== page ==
An easy choice maybe, but still no small move for some of the band members, and it was decided that each would bring his family/partner along to keep the sense of band unity. The band’s current approach to touring overseas also reflects their desire to make the lifestyle work for all members. They tour in a bus so they can sleep en route to the next show, rather than constantly filling their spare time with having to rush between airports, shows, and hotels.
Trevethick says he has recently taken a few more steps to improve his own life as a musician.
“I don’t really drink before gigs any more. Alcohol is always there and it’s always free. I always thought I was having a much better gig when I was drunk, but slowly realised that I wasn’t. Now I have a maximum two drinks before I play. More than anything, I just want to nail the gig…
“And I’ve been wearing musicians’ earplugs for a good 10 years or so, but I’m about to switch to a full in-ear systems. As much as I love the feeling of getting blasted off the stage, my hearing is just too precious. It’s not worth it if you can’t have a conversation in a cafe because it’s too noisy for your buzzing ears.”
When it came to writing tunes for the new album, the band decided to move away from the live feel of their previous album and allow more electronic drum sounds to form the basis of many tracks. The beats were often tapped out on the keyboard or drum pad of Trevethick’s Korg Control 49 synth. He says the velocity sensitive keys give him a better rhythmic feel (especially in comparison to the cold calculations of trying to programmebeats on screen).
“We got a Dave Smith Prophet ’08 which we use quite a lot. Also, the Moog Voyager I bought for ‘The System Is A Vampire’, was used a lot for lead lines. More recently, I got a Memory Moog, which is the last keyboard that Moog manufactured before they went bust in the ’80s.”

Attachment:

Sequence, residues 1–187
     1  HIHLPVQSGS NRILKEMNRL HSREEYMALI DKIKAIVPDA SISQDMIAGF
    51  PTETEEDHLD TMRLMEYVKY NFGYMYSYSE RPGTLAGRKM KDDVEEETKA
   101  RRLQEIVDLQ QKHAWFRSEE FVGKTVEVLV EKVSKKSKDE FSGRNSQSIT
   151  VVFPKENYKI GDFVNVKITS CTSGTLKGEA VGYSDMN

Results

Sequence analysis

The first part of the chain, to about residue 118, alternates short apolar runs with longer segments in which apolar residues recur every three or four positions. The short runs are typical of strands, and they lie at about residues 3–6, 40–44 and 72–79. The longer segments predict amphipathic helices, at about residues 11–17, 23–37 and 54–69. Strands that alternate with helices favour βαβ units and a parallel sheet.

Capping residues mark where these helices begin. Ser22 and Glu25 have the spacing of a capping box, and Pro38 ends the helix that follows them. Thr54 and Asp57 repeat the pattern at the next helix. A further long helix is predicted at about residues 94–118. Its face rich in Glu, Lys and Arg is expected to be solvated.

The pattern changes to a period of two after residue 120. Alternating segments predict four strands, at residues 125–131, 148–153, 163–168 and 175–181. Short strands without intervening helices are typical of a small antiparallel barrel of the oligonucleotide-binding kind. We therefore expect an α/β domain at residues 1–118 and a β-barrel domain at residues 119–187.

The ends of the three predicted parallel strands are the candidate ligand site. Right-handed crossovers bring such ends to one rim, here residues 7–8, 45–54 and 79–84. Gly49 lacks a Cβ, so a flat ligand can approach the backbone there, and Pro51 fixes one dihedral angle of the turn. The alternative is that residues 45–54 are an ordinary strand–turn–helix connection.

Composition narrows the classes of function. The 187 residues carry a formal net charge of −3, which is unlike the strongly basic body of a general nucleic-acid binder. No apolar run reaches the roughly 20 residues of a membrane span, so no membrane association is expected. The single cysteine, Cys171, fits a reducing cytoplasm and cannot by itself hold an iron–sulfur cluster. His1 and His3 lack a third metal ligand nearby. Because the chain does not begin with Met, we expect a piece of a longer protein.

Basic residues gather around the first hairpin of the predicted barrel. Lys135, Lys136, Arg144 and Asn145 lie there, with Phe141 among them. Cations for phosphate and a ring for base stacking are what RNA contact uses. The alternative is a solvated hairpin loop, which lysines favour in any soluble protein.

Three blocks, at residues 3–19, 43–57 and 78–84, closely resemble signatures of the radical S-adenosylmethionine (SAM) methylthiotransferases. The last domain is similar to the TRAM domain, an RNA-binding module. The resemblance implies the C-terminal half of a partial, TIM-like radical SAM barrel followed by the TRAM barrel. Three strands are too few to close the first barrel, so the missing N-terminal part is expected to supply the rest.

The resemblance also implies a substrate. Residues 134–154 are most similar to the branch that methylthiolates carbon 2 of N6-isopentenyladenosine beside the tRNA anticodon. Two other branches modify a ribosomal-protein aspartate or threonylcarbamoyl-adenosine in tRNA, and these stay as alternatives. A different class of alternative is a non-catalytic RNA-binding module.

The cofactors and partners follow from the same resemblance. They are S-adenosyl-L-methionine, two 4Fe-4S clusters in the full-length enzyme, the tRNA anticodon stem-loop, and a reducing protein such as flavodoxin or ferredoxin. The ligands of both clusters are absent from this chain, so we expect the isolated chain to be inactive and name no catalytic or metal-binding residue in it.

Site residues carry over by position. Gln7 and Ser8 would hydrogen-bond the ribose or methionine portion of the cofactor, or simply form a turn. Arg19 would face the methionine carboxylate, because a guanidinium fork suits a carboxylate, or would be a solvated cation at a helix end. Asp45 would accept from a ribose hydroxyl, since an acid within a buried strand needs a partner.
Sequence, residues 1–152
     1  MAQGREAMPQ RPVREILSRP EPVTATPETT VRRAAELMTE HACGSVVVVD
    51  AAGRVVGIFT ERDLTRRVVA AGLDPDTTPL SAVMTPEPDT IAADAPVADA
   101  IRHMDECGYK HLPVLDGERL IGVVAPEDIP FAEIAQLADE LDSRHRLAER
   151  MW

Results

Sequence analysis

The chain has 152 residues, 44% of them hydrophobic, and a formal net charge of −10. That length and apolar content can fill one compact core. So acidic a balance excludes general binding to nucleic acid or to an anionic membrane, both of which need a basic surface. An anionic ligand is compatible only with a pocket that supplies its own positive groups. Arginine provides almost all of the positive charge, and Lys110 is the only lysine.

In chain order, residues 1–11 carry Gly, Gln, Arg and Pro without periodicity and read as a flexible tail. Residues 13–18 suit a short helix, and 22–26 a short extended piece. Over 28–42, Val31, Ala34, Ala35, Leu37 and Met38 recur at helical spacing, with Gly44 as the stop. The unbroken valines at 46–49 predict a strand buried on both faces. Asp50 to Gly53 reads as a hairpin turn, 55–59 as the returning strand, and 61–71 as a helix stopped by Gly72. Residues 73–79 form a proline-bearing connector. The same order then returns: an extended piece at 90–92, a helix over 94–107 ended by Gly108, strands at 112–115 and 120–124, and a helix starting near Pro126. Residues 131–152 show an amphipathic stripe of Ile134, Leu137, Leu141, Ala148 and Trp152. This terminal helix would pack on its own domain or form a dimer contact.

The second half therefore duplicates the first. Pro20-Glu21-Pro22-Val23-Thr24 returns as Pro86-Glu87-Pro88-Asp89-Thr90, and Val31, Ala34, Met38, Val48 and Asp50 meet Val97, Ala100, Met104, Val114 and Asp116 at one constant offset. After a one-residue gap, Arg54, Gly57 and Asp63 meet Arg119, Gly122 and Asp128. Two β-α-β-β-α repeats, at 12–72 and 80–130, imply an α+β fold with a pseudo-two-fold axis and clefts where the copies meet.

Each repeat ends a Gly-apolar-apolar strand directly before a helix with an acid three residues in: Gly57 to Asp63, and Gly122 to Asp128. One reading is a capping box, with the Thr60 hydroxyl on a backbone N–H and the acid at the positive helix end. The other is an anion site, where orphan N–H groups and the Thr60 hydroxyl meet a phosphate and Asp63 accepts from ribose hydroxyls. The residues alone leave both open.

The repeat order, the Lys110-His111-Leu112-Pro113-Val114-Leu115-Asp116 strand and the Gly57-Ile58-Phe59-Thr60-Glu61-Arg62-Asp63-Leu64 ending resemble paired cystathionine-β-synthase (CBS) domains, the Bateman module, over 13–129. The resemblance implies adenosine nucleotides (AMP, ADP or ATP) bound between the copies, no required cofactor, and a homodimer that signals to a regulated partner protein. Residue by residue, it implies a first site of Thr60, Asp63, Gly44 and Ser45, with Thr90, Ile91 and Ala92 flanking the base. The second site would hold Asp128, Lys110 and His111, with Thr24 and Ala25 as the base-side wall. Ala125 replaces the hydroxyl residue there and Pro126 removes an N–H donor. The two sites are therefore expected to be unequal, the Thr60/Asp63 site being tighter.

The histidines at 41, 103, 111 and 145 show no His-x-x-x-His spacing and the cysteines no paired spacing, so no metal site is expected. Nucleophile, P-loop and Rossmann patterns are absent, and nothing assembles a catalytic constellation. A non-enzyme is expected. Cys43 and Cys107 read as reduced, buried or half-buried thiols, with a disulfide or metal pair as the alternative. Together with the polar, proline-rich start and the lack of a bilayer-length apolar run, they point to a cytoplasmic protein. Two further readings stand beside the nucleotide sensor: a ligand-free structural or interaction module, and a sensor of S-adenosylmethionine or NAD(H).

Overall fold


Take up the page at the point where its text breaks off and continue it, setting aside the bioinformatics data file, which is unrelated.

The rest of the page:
Basically, anytime we can use analogue, we do. From the start, the MS20 synth was the sound of Shapeshifter and when the group first started it was just that synth, along with drums and the Juno that’s owned by Devin [Abrams, who plays sax and synth].
“We’re not militant about being all-analogue though and we use keyboard plug-ins like the Arturia synths quite a lot. Sometimes analogue takes up too much of the mix. I remember times when we’ve wanted a soft synth sound and tried to play it on the Memory Moog and it just over took the whole track, no matter how loud it was in the mix.”
The most recent recording sessions also gave Trevethick the opportunity to experiment with a wider range of guitar sounds, extending all the way from the heavy metal distortion on Giving Up The Ghost through to ’80s-sounding chorus effects on the verse of Gravity.
Key to Shapeshifter’s success is that they are able to combine these different electronic and analogue instruments into a coherent sound and this is particularly important during live shows, where live drums have to replicate the booming sound of the electronic beats. For this reason, Trevethick is grateful for the band’s enduring connection with their soundman, Tiki Taane.
“He’s been our sound engineer from day one and he’s amazing. We know that the sound’s going to be fine, we don’t have to worry about that… Even when he became successful as a solo artist, we were never really worried that he would stop doing things for us. First and foremost, he’s a friend and a brother, and he always said, ‘No matter what, I’m always going to be committed to you guys.’ So we’ve been able to work out our commitments between us, even though he’s very busy. So it’s been sweet.